Meadow Brook Art Gallery,
Joseph Wesners mid-career retrospective exhibition included an impressive sampling of abstract sculpture. The show traces his development from early conceptual work of the 1980s to recent work inspired by his residencies in Beijing and Shanghai, China. Firmly rooted in the traditions of art history, Wesner related in an interview that as a teenager in Philadelphia, he would spend hours in the Philadelphia Museum of Art studying the work of Brancusi and Duchamp. Later, while completing his MFA at Cranbrook Academy of Art in Michigan, their influence would become apparent in Wesner’s interest in the Modernist grid and his obsession with found objects (he made baggage sculpture with rocks placed in suitcase shapes, constructed out of steel, with leather handles).
Wesner’s subsequent work evolved into screens which opened up and released the rocks, setting free an exploration of the horizontal and vertical. and resulting in a dialogue with projecting vertical angles. Crossroads (1983), a sculpture constructed from steel, rock, paint, and wood, recalls his undergraduate studies at Georgetown University (the oldest Catholic college in America). Wesner played with the grid and endowed it with religiosity, so that the grid suggests the Catholic confessional screen. After study trips to Florence and Paris in the 1980s, his investigation of Western art intensified, and he broke out of the static mold of the grid to create both cast and welded works with angles that thrust out, turn, bend, and stretch forward, in a series called “Borsa.” One example from the series, Borsa (1988), made of painted steel, exhibited the dynamism and kinesthetics associated with Italian Futurism. Next came the “Pherein” series, in stone, concrete, and welded steel that had been waxed, tarred, painted, and glued. Traces of figures appeared, carrying burdensome rock formations and emerging from a Brancusi-like base.
ln 1990, Wesner went to China for the first of two residencies at the Central Academy of Art in Beijing ln China, he experimented with such materials as hemp rope, bamboo, wax, cardboard, and Styrofoam. The Chinese basket and conical “coolie” hat with their woven patterns surfaced in Wesner’s work during this period and merged into forms intermingling the circle and pyramid. Works for China (1994), a unique bronze cast, is a transition piece in which an abstract figure, bearing for the first time a basket, seems to merge into the base as if it has found its resting place.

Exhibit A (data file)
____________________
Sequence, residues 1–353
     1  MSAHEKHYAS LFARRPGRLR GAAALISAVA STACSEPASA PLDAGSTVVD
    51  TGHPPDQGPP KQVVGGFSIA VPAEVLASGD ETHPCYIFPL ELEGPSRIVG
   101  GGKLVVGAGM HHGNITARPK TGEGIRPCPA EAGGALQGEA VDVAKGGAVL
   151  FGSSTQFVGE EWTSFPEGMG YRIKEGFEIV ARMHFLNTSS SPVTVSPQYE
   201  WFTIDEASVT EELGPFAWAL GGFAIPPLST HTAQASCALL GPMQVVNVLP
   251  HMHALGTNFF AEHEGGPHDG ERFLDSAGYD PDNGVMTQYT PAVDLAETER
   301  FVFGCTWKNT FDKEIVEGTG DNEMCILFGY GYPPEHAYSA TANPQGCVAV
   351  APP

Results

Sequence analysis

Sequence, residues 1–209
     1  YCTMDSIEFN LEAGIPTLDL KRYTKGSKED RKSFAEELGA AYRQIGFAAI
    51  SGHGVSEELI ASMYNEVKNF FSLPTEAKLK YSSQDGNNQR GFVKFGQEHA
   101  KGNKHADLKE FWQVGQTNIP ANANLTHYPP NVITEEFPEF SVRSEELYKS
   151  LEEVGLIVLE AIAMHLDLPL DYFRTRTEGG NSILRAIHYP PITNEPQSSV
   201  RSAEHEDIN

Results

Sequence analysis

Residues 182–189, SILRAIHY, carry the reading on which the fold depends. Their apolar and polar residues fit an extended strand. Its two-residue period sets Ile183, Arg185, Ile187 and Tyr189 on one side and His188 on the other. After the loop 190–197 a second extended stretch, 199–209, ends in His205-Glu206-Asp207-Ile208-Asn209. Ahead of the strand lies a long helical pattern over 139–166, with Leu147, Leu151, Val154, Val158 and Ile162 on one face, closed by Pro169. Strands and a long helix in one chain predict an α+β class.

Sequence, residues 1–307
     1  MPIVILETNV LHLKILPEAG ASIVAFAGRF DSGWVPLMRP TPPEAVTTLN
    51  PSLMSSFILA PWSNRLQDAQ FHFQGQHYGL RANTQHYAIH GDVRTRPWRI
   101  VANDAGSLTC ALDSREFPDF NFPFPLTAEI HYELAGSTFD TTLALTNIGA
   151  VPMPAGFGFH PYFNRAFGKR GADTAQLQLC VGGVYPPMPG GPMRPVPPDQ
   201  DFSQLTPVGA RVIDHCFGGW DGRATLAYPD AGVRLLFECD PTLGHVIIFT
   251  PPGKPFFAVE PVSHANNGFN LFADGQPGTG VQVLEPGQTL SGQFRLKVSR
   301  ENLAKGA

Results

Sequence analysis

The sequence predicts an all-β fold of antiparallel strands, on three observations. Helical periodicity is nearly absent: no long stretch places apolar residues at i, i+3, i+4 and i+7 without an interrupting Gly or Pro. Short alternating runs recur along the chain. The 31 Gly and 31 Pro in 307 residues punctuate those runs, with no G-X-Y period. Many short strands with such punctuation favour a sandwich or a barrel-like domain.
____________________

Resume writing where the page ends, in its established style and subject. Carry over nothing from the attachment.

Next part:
Recent work from the “Eco” series derives meaning from what Wesner stated as “The echo of sound…the metaphor of the circle and of the conical hat shape, with a central hole for passage into transcendence-which is also the Chinese symbol for heaven.” Eco (1995), is another unique bronze cast, this time with a weave pattern delineating the Star of David inside the circular form-not only signifying a political symbol, but also resembling a 20th-century satellite dish scanning the atmosphere for signals. Eco Song (1996), the last work in the exhibition, demonstrates all of Wesners concerns, including the grid, dating back to his early development, and is constructed out of welded steel, screen, and paint. Several circular rings support a mesh screen in the form of the satellite dish. These recent works comment on politics and society, not only giving an extra dimension to the beauty of Wesners work, but placing his innovative sculpture within the cosmopolitan context of contemporary art production.